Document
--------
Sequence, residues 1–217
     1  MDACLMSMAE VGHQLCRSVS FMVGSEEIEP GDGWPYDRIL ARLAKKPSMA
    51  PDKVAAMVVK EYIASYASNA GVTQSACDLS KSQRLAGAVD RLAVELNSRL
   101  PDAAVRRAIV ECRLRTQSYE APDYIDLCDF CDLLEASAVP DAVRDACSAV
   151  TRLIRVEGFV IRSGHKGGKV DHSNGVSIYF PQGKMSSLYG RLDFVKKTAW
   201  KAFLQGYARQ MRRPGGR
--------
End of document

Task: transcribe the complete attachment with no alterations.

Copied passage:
Sequence, residues 1–217
     1  MDACLMSMAE VGHQLCRSVS FMVGSEEIEP GDGWPYDRIL ARLAKKPSMA
    51  PDKVAAMVVK EYIASYASNA GVTQSACDLS KSQRLAGAVD RLAVELNSRL
   101  PDAAVRRAIV ECRLRTQSYE APDYIDLCDF CDLLEASAVP DAVRDACSAV
   151  TRLIRVEGFV IRSGHKGGKV DHSNGVSIYF PQGKMSSLYG RLDFVKKTAW
   201  KAFLQGYARQ MRRPGGR